At the sign of the Barking lion...

St Mary, Culford

At the sign of the Barking lion...

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Culford: click to enlarge

Culford Culford Culford north aisle
yew tree avenue 1856 Viscount Chelsea memorial Viscount Chelsea

broken head   This superlative Victorian church is a sleek fat cat, lazing in the glorious park of Culford Hall, former home of the Earls of Cadogan, as if the last 100 years had never happened. Gorgeous pines and yews overarch the trim, clipped lawns that separate it from the park road. Externally, it is very much in the traditional East Anglian late medieval style, but riches await inside, abounding beyond the familiar. In all Suffolk, perhaps only Flixton St Mary and Ipswich St Mary le Tower make bolder statements of the glory of mid-Victorian High Church confidence and style.

St Mary was built with the unlimited money of then Lord of the Manor Edward Richard Benyon, who lived at Culford Hall. He was also the Rector, one of those 19th century clergymen who knew what he wanted, and who had the wherewithall to get it. What makes Culford a little different from Flixton and St Mary le Tower is that it was not the work of a major architect. Although many sources, including Cautley, Pevsner and Mortlock, suggest that this church was the work of the great Arthur Blomfield, this is not the case.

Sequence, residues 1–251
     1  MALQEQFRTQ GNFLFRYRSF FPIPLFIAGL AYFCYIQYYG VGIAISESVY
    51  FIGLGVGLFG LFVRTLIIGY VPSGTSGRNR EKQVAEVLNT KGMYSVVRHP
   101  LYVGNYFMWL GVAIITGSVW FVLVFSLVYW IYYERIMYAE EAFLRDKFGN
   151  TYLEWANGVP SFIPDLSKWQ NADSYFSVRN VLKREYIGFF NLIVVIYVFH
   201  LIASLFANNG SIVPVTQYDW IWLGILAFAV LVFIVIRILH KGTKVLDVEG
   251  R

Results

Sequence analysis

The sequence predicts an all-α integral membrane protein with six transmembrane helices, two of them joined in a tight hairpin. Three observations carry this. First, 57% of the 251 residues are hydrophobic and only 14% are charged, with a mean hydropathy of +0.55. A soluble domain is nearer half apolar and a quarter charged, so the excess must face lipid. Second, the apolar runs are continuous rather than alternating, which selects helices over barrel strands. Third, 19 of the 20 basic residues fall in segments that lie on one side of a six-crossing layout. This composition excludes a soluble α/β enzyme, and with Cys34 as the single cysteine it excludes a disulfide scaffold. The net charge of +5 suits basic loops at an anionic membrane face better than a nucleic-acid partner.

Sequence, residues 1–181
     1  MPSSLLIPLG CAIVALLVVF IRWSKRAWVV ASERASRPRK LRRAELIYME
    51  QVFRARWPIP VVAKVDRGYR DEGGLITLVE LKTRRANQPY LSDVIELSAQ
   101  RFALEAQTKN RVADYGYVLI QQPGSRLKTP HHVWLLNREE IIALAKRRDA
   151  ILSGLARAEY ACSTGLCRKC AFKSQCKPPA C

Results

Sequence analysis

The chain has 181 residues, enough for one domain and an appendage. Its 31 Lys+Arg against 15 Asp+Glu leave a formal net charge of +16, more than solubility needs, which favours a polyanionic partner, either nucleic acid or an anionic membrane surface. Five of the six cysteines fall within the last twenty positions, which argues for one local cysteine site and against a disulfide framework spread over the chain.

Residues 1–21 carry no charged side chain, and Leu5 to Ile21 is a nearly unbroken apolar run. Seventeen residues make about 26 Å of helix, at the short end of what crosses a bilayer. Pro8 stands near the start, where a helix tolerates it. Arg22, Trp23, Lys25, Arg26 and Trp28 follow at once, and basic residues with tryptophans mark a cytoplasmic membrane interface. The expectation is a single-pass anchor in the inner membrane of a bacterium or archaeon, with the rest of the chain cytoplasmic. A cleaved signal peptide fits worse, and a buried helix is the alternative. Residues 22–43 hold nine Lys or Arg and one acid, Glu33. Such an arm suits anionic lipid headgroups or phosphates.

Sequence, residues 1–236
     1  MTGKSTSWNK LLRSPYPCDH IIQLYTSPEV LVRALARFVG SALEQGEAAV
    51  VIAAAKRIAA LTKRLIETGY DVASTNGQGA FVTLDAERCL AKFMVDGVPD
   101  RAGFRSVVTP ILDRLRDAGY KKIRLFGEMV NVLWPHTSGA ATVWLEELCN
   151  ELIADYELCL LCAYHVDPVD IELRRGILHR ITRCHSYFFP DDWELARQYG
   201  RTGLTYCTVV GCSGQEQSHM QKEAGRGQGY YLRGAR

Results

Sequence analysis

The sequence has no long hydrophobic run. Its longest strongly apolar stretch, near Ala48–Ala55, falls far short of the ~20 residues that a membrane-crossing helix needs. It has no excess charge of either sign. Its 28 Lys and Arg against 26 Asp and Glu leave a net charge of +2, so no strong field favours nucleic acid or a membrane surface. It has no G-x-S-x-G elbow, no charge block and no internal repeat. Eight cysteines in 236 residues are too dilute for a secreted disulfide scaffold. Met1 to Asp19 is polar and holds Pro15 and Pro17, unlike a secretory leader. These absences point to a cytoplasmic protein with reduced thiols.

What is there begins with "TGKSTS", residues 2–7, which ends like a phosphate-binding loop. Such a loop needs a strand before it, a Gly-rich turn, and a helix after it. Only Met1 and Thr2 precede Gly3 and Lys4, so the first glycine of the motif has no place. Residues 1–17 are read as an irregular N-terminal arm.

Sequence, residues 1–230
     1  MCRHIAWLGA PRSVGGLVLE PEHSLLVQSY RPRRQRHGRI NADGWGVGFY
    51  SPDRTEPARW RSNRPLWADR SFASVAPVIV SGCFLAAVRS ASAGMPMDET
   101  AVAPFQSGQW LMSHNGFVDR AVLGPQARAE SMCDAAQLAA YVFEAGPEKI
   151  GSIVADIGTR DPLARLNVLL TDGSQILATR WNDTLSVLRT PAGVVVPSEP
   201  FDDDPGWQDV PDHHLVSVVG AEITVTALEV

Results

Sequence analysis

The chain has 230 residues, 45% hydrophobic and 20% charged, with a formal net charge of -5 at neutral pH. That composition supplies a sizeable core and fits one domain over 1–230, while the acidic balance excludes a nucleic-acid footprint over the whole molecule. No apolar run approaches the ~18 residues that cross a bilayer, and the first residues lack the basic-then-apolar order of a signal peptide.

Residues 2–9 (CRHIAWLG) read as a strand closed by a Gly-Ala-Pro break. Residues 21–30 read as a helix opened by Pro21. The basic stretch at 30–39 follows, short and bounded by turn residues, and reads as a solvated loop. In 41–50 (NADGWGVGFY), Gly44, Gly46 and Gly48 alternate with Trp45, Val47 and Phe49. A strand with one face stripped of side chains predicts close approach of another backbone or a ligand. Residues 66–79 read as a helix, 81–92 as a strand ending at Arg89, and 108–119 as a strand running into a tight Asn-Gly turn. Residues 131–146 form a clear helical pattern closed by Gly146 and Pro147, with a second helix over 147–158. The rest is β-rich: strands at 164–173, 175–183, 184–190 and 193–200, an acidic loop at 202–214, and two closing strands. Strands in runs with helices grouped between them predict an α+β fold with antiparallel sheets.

Blomfield's work in the county includes the red-brick twilight of Felixstowe St John the Baptist, and his best work of all is in half a dozen English cathedral restorations. He did work for the Culford estate in the 1860s, but this was to build the chapel of ease in the forest at Culford Heath, a couple of miles off. Here in the park, the architect was the little-known William Harbershon. He had been employed by Benyon to rebuild Ingham rectory in the 1840s, and a plaque inside St Mary records his name.

The north aisle was added later, the work of fashionable London architect Clyde Young. Interestingly, the new wall went across the recent grave of the Culford postmaster, whose stone was moved inside, into the aisle, and now lies, rather incongrously, among the memorials to the Earls of Cadogan, who bought the Hall after the Benyons died out.

It isn't that an unusual to find a Victorian rebuilding on the site of an earlier church, although here, unusually, the church which was replaced was also post-Reformation. At the time the Hall was rebuilt, the village had been moved up on to the top road, the parish church demolished, and rebuilt in a pre-Ecclesiological style. Nothing survives of it, apart from the monuments, which are among Suffolk's most striking.

At the time of my visit in 1999, it wasn't possible to go inside; St Mary didn't list a keyholder. At the time, I suggested that no better guardian could be found than this setting within the park. Today, there is a keyholder, but I have usually found the church open. You step inside to a dark hush, typical of churches built in the 1860s for shadowy, incense-led worship.

The most remarkable and memorable feature of the interior is the memorial in the chancel . It is to Lady Jane Bacon, wife of the artist Nathaniel Bacon, whose own striking memorial is under the tower now. She sits in a central position with an infant seated on her lap, in what must be a conscious echo of the Blessed Virgin and Christchild. This is remarkable, because it dates from the later years of the Puritan Commonwealth, in 1656. She is flanked by her children and grandchildren, who look like nothing so much as a set of chess pieces. Lying rather uncomfortably at her feet is Lord Cornwallis, her first husband.

Jane Bacon's daughters Jane Bacon and daughter Jane Bacon memorial Jane Bacon's daughter Jane Bacon's daughters
Jane Bacon's daughter Jane Bacon memorial asleep